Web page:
So Whats Your Proper Job? (All Teachers)

  • So Whats Your Proper Job? (All Teachers)

  • Eliza Jane Fyfe

    June 1, 2015 at 1:41 pm

    Brick layers are earning £1000 per week?! I’m in the wrong job.

  • Phil Schneider

    June 1, 2016 at 12:45 pm

    Anyone else been asked “So whats your proper job ?” I always give my 40 hours of opening times a week to clients and still people thinks its a side line or hobby. Which I do find a little insulting. I would not ask any other professional skilled worker this. Is it just the low value that teachers and muscians a combination which spells relatively low pay given the high skill levels required for both professions (brick layers are earning £1000 per week) are held in.

  • Alan Richardson

    June 1, 2016 at 6:08 pm

    Great comment Phil. I get that one a lot. It really is insulting but I use it to point out that there are a lot of people doing lessons on the side and that mine is a proper business.

  • Kat Hunter

    June 2, 2016 at 12:14 am

    Haha, I know the feels. I’ve been teaching full time for more than four years now and I still occasionally get the question “so do you do this full time?”, which is funny. It happens less though now that I charge more. I used to get it all the time and I think that was partly a sign that I was undercharging.
    Also maybe a sign that my decor at the time wasn’t as cool as it is now. I think for whatever reason the decor of the room you teach in seems to make a difference!?

  • Eliza Jane Fyfe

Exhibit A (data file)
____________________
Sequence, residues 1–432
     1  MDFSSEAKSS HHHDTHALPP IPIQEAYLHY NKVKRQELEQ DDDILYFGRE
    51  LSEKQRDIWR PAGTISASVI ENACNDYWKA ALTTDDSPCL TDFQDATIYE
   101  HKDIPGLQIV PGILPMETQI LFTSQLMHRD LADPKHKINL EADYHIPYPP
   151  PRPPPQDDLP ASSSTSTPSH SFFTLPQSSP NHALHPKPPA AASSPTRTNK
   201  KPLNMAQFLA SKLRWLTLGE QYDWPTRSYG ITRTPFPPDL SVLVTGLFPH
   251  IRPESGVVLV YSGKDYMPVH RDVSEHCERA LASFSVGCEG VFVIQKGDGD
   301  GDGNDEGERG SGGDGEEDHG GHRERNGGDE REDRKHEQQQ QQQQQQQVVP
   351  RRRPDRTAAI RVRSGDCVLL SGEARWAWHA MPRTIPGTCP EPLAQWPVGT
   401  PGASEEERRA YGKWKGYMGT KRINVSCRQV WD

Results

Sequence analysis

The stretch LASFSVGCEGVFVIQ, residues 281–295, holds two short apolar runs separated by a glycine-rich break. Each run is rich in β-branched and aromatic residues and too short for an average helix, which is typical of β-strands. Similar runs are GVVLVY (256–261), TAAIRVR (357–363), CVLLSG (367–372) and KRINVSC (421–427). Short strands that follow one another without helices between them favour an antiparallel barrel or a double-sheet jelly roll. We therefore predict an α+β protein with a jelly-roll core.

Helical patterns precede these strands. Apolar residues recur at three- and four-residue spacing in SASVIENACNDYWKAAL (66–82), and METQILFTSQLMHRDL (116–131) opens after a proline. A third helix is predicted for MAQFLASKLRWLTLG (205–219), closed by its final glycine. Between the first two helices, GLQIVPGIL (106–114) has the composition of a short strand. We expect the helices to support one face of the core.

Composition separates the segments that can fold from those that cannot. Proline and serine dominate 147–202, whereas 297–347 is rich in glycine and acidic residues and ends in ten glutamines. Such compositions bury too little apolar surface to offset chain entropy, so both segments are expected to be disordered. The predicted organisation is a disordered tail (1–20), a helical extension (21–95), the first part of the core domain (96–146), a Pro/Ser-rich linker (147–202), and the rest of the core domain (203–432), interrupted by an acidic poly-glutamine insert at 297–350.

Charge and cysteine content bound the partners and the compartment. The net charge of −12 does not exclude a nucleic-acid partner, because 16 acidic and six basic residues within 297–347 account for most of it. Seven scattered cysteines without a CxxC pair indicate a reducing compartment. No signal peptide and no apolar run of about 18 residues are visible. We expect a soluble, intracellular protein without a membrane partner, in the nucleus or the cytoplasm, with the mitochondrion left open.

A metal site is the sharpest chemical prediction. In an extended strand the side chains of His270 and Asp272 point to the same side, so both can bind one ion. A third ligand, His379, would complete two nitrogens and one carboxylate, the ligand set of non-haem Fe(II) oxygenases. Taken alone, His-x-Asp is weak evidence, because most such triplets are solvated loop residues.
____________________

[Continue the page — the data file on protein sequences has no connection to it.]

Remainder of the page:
June 2, 2016 at 10:56 am

    The thing I find annoying and offensive is when people assume I have an easy life as I “only work between 4-8pm” as my teaching hours.

    Let’s not forget that I also do all day Saturday and have at least 20 extra hours of managing the business!

  • Tom Warner

    June 2, 2016 at 12:04 pm

    I’ve only had it twice. I guess I make myself seem busier than I actually am.

  • Leigh Fuge

    June 6, 2016 at 8:43 am

    I’m in a position where I’m juggling my teaching with a regular full time office job. I finish at 4pm everyday which leaves my evenings/weekends open for tuition.

    Unfortunately, it’s a victim of circumstance. I have to hold down a full time job for the exact reason that Phil said. People think of it as a hobby. I would love to take it full time, but I find that (Perhaps its just my area), but people here do not value the work of the tutor. People regularly cancel lessons last minute, or decide after 2/3 lessons to just stop coming. I’m working on planning a good cancellation policy, but in my area no other tutors have any strict policies which makes it hard for me to also enforce that (Nightmare right?!)

  • Louisa Wilde

    June 11, 2016 at 1:27 pm

    I had this exact comment this week. I think partly because I look a lot younger than I am. People keep thinking I’m a student and doing this on the side….perhaps need to think a little more about my dress code!

  • Mark Palmer

    July 18, 2016 at 1:21 pm